..from the hammock, where I spent a good part of the morning!
From chatting to lovely garden visitors.
Glorious weather, a steady stream of interesting people - numbers not finalised yet but will let you know. Thank you so much to all who came and made it such a wonderful week-end, and to the other gardeners who worked so hard to make their gardens beautiful.
..with the odd little shower! We've had a great first open day.
We felt so on top of the garden (we have worked really hard) that we had leisurely breakfast in warm sushine outside this morning, but our robin is getting even cheekier- look at him at my toast!
Make that six baby swallows. I wrote the sign yesterday but this morning we realised there are six in the nest -
though I only caught three in my photograph.
The weather forecast for tomorrow is for even better than today. So lucky!
Well, nearly...I just have to put more signs out, mow a path, mulch another path, deadhead the lupins, print off some handouts....
Tomorrow is Open Garden Day and the garden is looking very trim and I am looking very bedraggled, but the lovely rosa glauca still has flowers. And there is the added attraction of five baby swallows peeping over the edge of their nest!
All will be well.
If you live near enough I hope you can come. Details here. I'd love to see you!
I've been very moved by the Radio 3 series The Story of the Great War in Music (still on iPlayer).
Talking of the terrible sacrifices made in wartime someone asked 'And for what?'
Which got me thinking that it was for the freedom to read what we like and discuss it, in our own language, whenever and with whoever we want, for the priviledge of casting my vote recently in a peaceful village hall with no one threatening me, for the freedom to have as many children as we want (a friend is just back from a visit to China where there is still a one child policy), for the chance indeed to travel to China and many other places, for the freedom to write this blog uncensored...
It is so easy to take all this for granted, isn't it, so I'm grateful to Radio 3 for the stories, essays, interviews and music, Lest we Forget.
..at 4.33am to be precise!
Now I am truly honoured that a wren (troglodytes troglodytes - love that name!) should choose to build it's home in the clematis under the bedroom window, but it's extraordinarily loud song wakens me every morning lately and continues for about two hours or more....
Another lovely true blue flower (see this post from open gardens weekend 2010) is just coming into bloom in some pots. An annual, started off in the greenhouse, but worth growing for it's baby blue flowers.
I know everything is about plants at the moment (4 days to go till open garden weekend and I do hope you like gardening) but I'm planning some posts on Simply Money soon - an important subject I see I have barely touched upon with two posts in four years (see sidebar).
This sweet pea is called Blue Velvet. It looks decidedly purple to me. It was supposed to match this geranium Roxanne -
which itself is a little more purplish than it looks in this photograph. There are some true blues though - cornflowers,
Misnomers abound in the world of plants. This is meant to be sweet pea Almost Black! Now did they get it wrong, or did I? I shall have to wait till they all flower to find out. They are all beautiful though in all their variety and I love them.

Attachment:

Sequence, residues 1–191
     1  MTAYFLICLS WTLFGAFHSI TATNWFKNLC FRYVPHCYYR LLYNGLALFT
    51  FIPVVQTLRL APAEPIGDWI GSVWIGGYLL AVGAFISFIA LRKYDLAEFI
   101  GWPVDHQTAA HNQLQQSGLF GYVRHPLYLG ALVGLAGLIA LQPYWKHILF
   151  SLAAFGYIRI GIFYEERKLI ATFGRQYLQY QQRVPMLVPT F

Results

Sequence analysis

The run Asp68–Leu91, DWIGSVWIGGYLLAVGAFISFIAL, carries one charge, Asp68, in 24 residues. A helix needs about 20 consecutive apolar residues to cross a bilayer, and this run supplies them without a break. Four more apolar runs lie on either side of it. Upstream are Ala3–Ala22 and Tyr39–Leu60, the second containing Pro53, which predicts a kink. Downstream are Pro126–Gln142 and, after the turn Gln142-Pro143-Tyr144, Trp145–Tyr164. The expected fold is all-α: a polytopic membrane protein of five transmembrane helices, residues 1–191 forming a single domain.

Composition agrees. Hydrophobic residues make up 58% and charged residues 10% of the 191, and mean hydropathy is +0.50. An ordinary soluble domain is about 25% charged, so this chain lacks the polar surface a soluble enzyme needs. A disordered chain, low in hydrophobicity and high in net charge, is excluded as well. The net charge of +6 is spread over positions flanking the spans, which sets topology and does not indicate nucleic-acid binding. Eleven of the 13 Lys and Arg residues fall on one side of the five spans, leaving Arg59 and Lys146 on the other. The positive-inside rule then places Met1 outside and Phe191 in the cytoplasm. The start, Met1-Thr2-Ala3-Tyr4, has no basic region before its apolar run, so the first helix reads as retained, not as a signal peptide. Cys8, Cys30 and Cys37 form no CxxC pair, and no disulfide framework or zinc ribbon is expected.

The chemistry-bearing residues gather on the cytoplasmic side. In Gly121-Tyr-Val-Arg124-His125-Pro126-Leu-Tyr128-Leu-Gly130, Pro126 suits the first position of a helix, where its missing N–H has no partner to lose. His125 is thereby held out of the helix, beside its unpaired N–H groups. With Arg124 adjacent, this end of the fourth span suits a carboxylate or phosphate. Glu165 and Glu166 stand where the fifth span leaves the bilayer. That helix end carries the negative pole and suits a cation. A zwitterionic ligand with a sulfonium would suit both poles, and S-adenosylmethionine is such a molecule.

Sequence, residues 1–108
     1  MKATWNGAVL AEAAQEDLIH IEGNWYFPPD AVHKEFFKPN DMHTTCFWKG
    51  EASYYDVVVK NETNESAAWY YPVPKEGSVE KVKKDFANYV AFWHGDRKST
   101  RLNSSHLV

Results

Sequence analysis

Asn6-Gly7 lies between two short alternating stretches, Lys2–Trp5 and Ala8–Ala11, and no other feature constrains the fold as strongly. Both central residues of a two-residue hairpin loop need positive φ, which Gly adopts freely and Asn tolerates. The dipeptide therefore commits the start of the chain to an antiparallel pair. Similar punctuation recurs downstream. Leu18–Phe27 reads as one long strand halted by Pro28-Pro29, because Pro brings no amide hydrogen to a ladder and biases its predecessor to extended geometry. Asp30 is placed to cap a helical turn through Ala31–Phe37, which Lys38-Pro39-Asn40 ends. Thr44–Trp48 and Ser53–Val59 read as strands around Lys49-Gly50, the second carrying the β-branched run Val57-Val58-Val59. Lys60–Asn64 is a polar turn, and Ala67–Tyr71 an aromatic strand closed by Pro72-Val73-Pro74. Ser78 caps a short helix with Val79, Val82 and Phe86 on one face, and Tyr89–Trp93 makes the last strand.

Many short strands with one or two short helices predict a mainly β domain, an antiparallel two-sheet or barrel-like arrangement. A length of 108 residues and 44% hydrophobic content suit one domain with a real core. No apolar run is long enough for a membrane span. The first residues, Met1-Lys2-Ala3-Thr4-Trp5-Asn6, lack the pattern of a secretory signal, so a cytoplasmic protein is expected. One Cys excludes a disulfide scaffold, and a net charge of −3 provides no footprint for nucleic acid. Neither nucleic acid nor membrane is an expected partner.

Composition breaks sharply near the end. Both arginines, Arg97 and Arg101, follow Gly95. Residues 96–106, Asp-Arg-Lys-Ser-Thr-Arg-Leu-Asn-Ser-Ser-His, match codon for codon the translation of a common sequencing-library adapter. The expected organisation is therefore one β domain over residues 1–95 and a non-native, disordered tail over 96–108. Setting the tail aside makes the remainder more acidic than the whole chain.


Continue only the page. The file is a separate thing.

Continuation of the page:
I halved my workload and my stress level for the week!
In previous garden open days we have shown just the front garden, but I had decided we would open the back garden too this year. However....it is proving to mean a lot more work. This morning I just made the decision to show the front garden only.
Now it seems do-able again.
Anyone who really wants to will be welcome to have a wander around the back, although it's a wee bit weedy and mossy and doesn't come into it's own until July and August, being mostly annuals and herbs and salads.
With just 6 days to go now, and other commitments this week, this was the right decision. (Why was it hard to make I wonder?)
It was so simple really!
Are you committing yourself to too much?
Is there something you could just opt out of to simplify your life at one stroke?
..and very cheeky! I thought you might enjoy the story of a robin which features in this blog every now and then. (See yesterday's post)
Read here about how we think he became so tame....
An eye for the main chance..ie my breakfast.
Crumbs to entice him early one summer morning while I dashed inside for the camera. The light and the shadow were so beautiful..
He was so tame so quickly - we were amazed and delighted. It feels such a priviledge to have a wild bird trust you.
A bad hair day?
You wanted to get a soft towel and pat him dry!
Hardly recognizable as the sleek bird above.
Very patiently waiting for us to get up.
We don't know of course if the robin which comes now is the same one that Ross shared his breakfast with. I say 'he' most often but it is very hard to tell male and female apart. We do know that the male robin will feed the female of a pair (and not vice versa) and 'our' male is bolder than the female. There was a year when two were equally tame. Barry was feeding one from his hand at the back door and called me - but I was feeding one from my hand at the front door! They have brought their babies into the garden some years, so the current robin might be one of the offspring of the original one, though they can live 10 or 11 years....It would have been lovely to have ringed them, but it seemed wrong somehow.